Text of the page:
No. Even if you are completely ready to move forward with a settlement, if your spouse’s attorney prepared the first draft, it’s vital that you at least have the agreement reviewed by your own attorney – someone who’s working to protect your interests. You should do this no matter how much pressure is put on you to sign and no matter how much you want to “keep it simple” without “getting all the lawyers involved.”
It’s important to remember that your spouse’s attorney does not represent you and doesn’t care whether the agreement is fair or provides you with adequate financial resources.
This is usually a bad idea. Most likely, the agreement will not be specific as to your state’s laws and may miss important legal provisions. It might be vague or unclear. If so, and you and your spouse disagree on a provision later, you may end up spending more money on attorneys, trying to fix or clarify the agreement. It’s probably worth a few hours of an attorney’s time to get a good agreement in place.
You could do this, but it’s not recommended. First of all, one attorney cannot represent both spouses. So, if you proceed without an attorney, you won’t have anyone looking out for your interests. If your spouse proceeds without an attorney, he or she may be able to claim later that the agreement is unfair, or that they didn’t know what they were signing because they didn’t have an attorney involved.
If you and your spouse truly agree on all issues in your divorce, your best bet is to participate in divorce mediation, which is a process involving a neutral, third-party mediator (usually a family law attorney trained in mediation). The mediator works with both spouses to help them form and finalize an agreement. Often, the mediator will draft the Divorce Agreement, and then the spouses can ask their individual reviewing attorneys to take a second look.
The world won’t stop spinning, and you won’t be arrested. For example, if you and your spouse both decide to follow a different alimony payment schedule, that’s completely up to you. But be very clear. If you decide to do anything other than what you agreed to do in writing, and then have a falling out with your ex-spouse, you each have the right to enforce the terms of the original Divorce Agreement. This is true regardless of any verbal agreement to do otherwise.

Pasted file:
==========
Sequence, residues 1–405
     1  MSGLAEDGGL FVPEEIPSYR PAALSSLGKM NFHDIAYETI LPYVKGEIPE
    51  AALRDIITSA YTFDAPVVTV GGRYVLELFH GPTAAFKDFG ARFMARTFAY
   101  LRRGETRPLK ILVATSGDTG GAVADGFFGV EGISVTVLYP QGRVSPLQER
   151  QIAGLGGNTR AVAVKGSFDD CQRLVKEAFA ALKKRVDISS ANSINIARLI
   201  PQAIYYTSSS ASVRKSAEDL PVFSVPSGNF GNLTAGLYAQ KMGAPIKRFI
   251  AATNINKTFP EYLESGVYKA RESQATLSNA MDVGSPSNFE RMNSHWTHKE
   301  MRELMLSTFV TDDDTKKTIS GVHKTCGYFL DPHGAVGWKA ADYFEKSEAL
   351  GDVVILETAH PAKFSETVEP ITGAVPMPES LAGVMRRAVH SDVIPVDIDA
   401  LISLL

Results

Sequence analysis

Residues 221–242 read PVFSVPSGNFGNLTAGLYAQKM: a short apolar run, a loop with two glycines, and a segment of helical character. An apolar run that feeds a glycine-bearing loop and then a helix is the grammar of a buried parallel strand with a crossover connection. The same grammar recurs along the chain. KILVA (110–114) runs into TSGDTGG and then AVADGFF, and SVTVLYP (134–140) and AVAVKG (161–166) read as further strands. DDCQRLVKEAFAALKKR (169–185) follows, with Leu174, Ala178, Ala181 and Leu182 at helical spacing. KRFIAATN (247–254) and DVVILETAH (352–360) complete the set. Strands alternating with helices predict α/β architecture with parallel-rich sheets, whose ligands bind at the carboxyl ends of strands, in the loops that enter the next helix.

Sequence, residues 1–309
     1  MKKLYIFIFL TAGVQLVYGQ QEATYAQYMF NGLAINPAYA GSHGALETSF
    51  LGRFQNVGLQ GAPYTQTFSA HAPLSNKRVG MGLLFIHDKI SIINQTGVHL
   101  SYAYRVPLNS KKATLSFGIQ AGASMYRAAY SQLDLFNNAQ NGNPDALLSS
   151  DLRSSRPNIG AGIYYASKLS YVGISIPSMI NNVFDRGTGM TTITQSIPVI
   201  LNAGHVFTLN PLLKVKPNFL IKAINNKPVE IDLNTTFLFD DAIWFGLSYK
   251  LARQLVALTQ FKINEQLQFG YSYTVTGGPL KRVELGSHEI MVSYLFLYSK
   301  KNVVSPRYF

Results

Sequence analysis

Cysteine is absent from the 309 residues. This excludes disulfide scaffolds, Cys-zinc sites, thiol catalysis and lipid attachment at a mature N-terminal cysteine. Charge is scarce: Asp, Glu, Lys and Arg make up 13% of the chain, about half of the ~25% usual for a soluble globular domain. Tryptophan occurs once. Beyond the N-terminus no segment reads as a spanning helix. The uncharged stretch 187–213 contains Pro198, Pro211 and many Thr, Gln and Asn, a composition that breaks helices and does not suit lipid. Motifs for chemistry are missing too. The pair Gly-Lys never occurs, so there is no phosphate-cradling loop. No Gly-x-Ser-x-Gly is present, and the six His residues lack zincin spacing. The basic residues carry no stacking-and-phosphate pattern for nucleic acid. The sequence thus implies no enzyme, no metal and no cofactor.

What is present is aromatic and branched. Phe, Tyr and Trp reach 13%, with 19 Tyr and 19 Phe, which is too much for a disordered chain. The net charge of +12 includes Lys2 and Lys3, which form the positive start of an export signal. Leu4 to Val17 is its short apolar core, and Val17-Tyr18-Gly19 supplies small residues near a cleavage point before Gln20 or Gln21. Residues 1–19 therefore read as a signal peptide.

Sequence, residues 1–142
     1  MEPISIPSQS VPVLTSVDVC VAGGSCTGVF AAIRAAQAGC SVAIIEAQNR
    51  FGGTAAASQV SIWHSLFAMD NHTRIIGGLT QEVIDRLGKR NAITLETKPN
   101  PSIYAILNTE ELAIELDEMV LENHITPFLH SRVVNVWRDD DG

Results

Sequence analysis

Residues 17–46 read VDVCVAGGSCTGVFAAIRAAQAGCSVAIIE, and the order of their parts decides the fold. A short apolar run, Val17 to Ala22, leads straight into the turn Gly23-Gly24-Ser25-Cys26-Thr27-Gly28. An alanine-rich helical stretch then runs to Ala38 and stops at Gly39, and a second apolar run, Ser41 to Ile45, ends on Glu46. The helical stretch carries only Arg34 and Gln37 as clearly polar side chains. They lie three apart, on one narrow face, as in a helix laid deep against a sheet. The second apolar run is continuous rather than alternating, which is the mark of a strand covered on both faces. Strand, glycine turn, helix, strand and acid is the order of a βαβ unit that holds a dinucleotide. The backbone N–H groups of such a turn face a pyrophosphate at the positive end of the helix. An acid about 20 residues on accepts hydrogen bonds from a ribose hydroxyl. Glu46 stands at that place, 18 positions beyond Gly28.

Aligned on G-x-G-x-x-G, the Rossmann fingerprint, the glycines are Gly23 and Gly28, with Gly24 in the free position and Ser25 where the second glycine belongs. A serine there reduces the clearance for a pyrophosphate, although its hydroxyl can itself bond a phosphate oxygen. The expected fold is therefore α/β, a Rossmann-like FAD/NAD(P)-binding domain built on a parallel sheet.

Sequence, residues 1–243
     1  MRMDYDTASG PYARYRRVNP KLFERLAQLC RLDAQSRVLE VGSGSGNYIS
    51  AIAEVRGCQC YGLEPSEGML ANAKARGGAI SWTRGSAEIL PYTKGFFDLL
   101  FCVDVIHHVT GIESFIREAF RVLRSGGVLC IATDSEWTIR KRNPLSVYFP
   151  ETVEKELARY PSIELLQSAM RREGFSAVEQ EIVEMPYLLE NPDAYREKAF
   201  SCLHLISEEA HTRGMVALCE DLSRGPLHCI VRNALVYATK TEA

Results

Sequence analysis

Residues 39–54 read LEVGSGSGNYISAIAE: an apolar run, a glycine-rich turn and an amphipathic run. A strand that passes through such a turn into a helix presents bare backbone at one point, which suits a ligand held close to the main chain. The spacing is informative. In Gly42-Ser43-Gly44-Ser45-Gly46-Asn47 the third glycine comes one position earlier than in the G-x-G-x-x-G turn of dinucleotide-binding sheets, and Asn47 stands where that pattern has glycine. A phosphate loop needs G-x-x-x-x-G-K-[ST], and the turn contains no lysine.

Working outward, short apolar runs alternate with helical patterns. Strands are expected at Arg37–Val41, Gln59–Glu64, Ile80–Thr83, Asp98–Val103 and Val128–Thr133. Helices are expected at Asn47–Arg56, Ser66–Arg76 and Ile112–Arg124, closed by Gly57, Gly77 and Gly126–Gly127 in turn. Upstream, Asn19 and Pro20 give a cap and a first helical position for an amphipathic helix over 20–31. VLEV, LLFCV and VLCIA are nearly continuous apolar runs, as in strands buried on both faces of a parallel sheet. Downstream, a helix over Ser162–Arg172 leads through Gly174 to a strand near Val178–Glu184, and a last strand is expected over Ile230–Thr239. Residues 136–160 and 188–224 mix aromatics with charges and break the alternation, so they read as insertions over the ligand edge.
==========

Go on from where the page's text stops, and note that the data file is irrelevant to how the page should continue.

If you both agree to change some of the more substantial terms of your original Divorce Agreement, you should make it official by modifying (changing) the old agreement in writing.
Yes. Provisions regarding property, debt, and almost all other financial matters are usually considered to be carved in stone, unless you both agree to a change. If so, you can enter into a “Modification Agreement,” memorializing the agreed-upon changes. This modified Divorce Agreement should then be incorporated into a new court order.
Child support, custody, and visitation agreements are modifiable as long as you can show a significant change in circumstances occurred after entry of the original order, and/or that a new arrangement is in the best interests of the child.
Alimony provisions may or may not be modifiable, depending upon the wording of your original Divorce Agreement. Make sure the terms of your original agreement are very clear as to whether any spousal support obligation will be modifiable, or non-modifiable.